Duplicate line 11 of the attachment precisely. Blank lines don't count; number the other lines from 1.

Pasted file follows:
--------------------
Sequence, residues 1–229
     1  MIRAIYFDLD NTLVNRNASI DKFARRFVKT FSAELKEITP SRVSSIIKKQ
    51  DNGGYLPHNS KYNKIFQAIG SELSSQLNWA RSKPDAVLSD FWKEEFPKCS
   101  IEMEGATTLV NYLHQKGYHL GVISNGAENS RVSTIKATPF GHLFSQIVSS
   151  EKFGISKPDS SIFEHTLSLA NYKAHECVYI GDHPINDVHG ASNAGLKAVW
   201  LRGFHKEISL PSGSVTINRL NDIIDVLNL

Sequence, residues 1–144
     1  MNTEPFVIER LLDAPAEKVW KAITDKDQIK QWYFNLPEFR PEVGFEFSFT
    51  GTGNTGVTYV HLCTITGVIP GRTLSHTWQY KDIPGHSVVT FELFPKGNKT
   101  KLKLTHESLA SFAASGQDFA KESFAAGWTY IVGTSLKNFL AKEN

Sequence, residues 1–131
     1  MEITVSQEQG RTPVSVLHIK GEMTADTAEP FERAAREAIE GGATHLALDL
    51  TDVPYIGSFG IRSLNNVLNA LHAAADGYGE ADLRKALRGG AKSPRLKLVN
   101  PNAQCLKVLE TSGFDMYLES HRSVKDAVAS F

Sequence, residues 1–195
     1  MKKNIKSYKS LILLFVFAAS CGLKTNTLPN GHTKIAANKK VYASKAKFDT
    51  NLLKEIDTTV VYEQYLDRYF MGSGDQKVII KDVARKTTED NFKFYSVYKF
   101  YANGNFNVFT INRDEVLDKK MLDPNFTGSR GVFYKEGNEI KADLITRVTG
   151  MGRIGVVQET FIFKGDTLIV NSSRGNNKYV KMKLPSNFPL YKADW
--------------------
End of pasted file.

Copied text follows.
Sequence, residues 1–131